Residential Property Landlords as individuals
If you are letting out properties as an individual, you must pay income tax on your rental profits. Your rental profits are calculated by deducting allowable expenses and replacement of domestic items. Allowable expenses include the following items:
- letting agents’ fees
- legal fees for lets of a year or less, or for renewing a lease for less than 50 years
- accountants’ fees
- buildings and contents insurance
- maintenance and repairs to the property (but not improvements)
- utility bills, like gas, water and electricity
- rent, ground rent, service charges
- Council Tax
- services you pay for, like cleaning or gardening
- other direct costs of letting the property, like phone calls, stationery and advertising.
Replacement of domestic items can include beds; sofas; curtains; carpets; fridges; crockery and cutlery, all of which must be purchased for use by the tenant in the rented property, and must replace an item which is no longer in use.
Rental property with an individual mortgage
If the property has a mortgage on it, this is no longer treated as a deductible expense, this is now treated as a tax reducer at 20% from the tax due on the net profit of the rental property. Any excess residential loan interest which is not relieved is carried forward to offset against future tax on profits.
A higher rate taxpayer will pay tax on the residential profits at 40% and only get relief for the loan interest at 20%.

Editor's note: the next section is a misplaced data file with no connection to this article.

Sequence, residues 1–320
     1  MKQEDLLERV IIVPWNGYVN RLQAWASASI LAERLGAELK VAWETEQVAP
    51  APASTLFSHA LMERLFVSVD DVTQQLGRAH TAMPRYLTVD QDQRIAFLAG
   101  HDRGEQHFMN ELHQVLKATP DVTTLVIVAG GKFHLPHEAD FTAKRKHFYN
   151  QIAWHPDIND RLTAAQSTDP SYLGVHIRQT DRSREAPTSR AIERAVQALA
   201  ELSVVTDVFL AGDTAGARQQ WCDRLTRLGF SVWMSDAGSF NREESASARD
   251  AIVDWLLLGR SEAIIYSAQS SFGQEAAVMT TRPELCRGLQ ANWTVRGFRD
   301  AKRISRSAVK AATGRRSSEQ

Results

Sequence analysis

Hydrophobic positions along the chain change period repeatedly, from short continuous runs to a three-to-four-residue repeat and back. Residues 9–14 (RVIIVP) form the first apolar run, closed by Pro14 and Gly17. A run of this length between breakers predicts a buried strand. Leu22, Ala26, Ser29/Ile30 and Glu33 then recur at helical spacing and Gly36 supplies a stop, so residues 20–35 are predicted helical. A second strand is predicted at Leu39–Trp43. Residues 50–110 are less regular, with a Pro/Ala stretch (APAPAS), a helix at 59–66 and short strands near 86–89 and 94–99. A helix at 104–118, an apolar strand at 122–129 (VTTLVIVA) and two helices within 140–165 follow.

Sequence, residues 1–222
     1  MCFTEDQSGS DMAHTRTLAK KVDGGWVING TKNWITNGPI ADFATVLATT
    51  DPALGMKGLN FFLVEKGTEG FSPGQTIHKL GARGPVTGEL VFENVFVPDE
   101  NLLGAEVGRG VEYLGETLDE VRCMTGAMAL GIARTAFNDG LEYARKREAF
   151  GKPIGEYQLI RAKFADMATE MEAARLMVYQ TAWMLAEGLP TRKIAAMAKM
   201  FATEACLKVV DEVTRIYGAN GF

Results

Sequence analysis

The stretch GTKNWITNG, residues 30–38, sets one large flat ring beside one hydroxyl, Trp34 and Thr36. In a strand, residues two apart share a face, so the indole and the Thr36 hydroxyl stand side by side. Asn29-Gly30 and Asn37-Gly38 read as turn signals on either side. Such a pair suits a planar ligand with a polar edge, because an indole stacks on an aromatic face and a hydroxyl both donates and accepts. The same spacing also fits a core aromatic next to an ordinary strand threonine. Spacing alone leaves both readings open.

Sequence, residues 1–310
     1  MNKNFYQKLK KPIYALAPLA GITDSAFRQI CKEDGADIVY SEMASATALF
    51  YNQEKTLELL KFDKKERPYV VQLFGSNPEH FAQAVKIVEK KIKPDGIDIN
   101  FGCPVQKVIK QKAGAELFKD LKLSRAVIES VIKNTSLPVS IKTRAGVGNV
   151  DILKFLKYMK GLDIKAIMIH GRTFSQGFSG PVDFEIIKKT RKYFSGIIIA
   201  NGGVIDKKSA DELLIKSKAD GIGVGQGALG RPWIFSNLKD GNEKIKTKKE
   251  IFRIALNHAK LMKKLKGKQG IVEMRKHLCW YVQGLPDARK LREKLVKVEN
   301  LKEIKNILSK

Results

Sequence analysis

Furnished Holiday Lettings for individuals
The profits of Furnished Holiday Lettings on individuals, is subject to Income Tax, however, usual deductions are available such as allowable expenses, but bear in mind that any replacement of capital items will attract capital allowances.
There is no loan interest relief restriction on Furnished Holiday Lettings therefore loan interest paid is treated as a deductible expense.
For the property to qualify as a furnished holiday let, the following need to be met:
- the property is offered to let for at least 210 days a year
- it is actually let for more than 105 days a year
- no single let is more than 31 days
- you charge the going rate according to similar properties in the area (‘market value’).
Profits from Furnished Holiday lettings also qualify for earnings for pension purposes
Commercial Property Lettings by individuals
The profits earned from commercial property lettings (such as offices and premises used for business and trade) by individuals, are subject to Income Tax.
Again, the usual deductions are available such as allowable expenses, and as with furnished holiday lettings - any replacement of capital items will attract capital allowances.
There is no loan interest relief restriction on Commercial Property Lettings, so again, as above, any loan interest paid is a deductible expense.
Disposal of Residential Properties in the UK
If an individual disposes of residential property in the UK, they must declare this to HMRC via a personal tax account within 60 days of the completion date and pay any calculated Capital gains tax owed. They must also declare this on their self-assessment for the tax year in which the disposal is made.
Letting out a property as a Company
The profits of letting all properties as a company will be subject to Corporation Tax. The profits are calculated in the same way as for individuals, by deducting allowable expenses and relief for replacement of domestic items. However, there is currently no restriction on loan interest or finance charges, these are allowable expenses for companies letting out properties.
We’re here to help!
If you’d like to find out more about benefitting from property investment, get in touch with our expert Corporate and Personal Tax team in Warrington on 01925 830 830 or call our Manchester office on 0161 905 1801.